Scope of the inquiry
During the Work and Pensions Committee’s inquiry into pension freedom and choice, we received worrying evidence about the financial advice given to members of the British Steel Defined Benefit Pension Scheme (BSPS). Before the BSPS wrapped up, its members had to decide what to do with their pension pot. For many, one option was to get their pot valued and move it into a defined contribution pension. This is known as a “DB transfer”. Anyone wanting to transfer a pension worth more than £30,000 must take financial advice, because it is not usually the best option. But the Committee’s report found that many members of the BSPS were given bad advice and took a DB transfer when it was not in their best interests.
The Committee found that a supposedly independent financial adviser could be incentivised to give bad advice—i.e. suggest a DB transfer—because of the way their fees were structured: the adviser was only paid, or paid much more, if the person decided to take a DB transfer. This is known as “contingent charging”. The Committee recommended that this charging structure should be banned for defined benefit pension transfer advice.
This problem is not unique to BSPS members and could apply to anyone who is eligible for a DB transfer; over 100,000 people a year are taking a DB transfer on the back of potentially bad advice.
Response from the Financial Conduct Authority
The Financial Conduct Authority is responsible for regulating financial advisers, so would be responsible for introducing a ban. In response to the Committee’s report, it agreed to look at the issue and included it in a consultation which ended earlier in 2018. In October 2018, the FCA published feedback from its consultation, together with its final rules and guidance.
It summarised the pros and cons of a ban and said responses to the consultation highlighted the “complexities and interlinked issues that need to be worked through and considered”. As a result, the FCA did not introduce a ban on contingent charging and said it “needs to carry out further analysis of the issues”. In particular, there was a lack of evidence linking contingent charging to unsuitable advice and bad outcomes.
Rt Hon Frank Field MP, Chair of the Committee, said:
“The FCA has confirmed to me that it shares many of the Committee’s concerns about the scourge of contingent charging. But to tackle this, and to protect consumers from the vultures circling around their pension pots, it needs more proof of what is really happening to people. It has explained to me the complexities of contingent charging, and how it needs to carefully consider its possible interventions so as not to cause unintended harm, particularly to vulnerable customers. The FCA has said it would welcome the Committee’s help to find out more, and we’ll be happy to do everything we can to make sure we get the right safeguards in place.”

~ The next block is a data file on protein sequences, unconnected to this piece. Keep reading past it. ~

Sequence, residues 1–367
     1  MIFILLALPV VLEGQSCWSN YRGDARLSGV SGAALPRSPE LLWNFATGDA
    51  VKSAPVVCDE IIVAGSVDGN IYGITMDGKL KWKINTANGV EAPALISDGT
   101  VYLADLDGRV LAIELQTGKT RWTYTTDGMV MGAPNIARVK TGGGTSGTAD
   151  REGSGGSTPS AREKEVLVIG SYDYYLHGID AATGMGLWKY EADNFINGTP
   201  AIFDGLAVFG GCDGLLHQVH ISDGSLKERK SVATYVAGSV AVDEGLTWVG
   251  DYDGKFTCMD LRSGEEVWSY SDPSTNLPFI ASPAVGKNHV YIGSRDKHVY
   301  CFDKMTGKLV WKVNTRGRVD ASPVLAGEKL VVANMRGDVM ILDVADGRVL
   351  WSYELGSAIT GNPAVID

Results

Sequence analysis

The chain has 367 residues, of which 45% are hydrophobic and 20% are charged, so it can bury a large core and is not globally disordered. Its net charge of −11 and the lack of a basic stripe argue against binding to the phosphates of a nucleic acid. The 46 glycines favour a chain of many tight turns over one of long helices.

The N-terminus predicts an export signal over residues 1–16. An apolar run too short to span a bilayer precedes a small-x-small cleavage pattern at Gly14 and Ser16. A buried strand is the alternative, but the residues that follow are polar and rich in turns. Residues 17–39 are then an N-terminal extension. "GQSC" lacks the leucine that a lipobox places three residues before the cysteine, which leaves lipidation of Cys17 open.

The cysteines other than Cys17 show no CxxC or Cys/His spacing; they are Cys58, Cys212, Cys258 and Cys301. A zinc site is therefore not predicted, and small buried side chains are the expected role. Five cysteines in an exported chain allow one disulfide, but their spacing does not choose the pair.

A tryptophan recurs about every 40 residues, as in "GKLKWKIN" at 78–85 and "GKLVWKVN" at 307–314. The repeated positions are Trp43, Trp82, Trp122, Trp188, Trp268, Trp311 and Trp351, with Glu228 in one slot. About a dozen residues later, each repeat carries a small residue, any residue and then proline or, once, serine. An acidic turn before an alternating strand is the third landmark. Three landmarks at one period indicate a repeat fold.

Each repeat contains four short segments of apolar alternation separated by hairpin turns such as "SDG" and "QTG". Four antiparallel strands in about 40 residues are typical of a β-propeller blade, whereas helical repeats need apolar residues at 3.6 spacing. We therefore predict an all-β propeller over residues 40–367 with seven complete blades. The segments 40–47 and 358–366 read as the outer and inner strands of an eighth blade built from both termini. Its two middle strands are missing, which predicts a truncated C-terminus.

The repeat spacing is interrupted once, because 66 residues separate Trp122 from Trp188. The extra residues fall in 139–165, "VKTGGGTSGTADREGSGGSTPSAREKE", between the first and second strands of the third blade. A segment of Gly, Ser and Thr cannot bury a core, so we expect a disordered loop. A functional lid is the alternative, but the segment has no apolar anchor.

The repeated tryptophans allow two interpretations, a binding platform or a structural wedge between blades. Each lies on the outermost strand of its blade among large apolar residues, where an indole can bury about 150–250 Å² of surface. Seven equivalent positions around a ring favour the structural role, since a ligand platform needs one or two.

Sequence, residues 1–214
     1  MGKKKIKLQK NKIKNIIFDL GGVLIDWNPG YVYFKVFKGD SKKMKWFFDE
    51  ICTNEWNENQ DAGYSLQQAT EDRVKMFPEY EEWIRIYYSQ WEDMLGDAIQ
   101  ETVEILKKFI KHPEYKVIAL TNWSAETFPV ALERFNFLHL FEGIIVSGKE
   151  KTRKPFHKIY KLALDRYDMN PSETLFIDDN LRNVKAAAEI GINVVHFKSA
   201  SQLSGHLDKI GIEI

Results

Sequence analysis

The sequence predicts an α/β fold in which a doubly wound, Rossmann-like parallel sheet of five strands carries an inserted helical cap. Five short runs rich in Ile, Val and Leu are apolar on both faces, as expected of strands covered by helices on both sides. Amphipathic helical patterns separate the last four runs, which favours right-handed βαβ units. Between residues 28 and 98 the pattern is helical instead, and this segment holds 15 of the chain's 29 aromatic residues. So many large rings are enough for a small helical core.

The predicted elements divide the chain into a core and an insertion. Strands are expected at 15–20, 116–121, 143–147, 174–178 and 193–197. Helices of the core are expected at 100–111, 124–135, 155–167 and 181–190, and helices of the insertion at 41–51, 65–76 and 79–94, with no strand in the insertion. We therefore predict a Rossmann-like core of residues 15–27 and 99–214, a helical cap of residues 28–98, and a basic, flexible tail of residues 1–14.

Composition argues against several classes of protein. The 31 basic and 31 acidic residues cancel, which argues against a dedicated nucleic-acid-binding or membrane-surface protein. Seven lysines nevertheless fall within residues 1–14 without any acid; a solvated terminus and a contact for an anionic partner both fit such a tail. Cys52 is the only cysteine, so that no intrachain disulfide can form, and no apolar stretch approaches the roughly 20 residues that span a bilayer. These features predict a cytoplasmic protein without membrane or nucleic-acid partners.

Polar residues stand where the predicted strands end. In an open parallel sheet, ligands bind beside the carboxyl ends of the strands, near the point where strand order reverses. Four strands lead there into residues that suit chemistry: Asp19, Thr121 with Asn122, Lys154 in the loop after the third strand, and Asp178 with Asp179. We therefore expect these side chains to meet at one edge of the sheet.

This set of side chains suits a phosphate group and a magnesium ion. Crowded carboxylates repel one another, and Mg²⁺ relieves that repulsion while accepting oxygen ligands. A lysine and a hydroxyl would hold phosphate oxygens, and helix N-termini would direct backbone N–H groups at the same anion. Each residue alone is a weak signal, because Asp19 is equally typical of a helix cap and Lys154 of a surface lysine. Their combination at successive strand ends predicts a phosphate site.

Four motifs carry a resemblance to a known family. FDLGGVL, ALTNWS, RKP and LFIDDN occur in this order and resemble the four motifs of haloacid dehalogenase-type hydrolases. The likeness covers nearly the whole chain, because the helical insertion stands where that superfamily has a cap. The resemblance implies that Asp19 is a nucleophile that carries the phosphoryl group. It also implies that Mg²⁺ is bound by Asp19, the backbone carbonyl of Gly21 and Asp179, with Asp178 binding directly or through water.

What does the Committee want to hear about?
To help the FCA with its next steps, we want to hear from anyone who has been affected by this issue.
- Have you, or someone you know, received taken advice about a defined benefit pension transfer?
- Did you have a good or a bad experience?
- Do you think this was driven by the financial adviser’s charging structure? If so, please tell us your story by Thursday 31 January 2019.
If you do not have personal experience of this issue, but have views on banning contingent charging, the Committee still wants to hear from you. In particular, relating to the following questions:
- Does contingent charging increase the likelihood of unsuitable advice?
- What would be the impact of a ban on contingent charging on consumers and firms and how could any negative effects be minimised?
- Are there any alternative solutions that would remove conflicts of interest but avoid any possible negative impacts of an outright ban on contingent charging?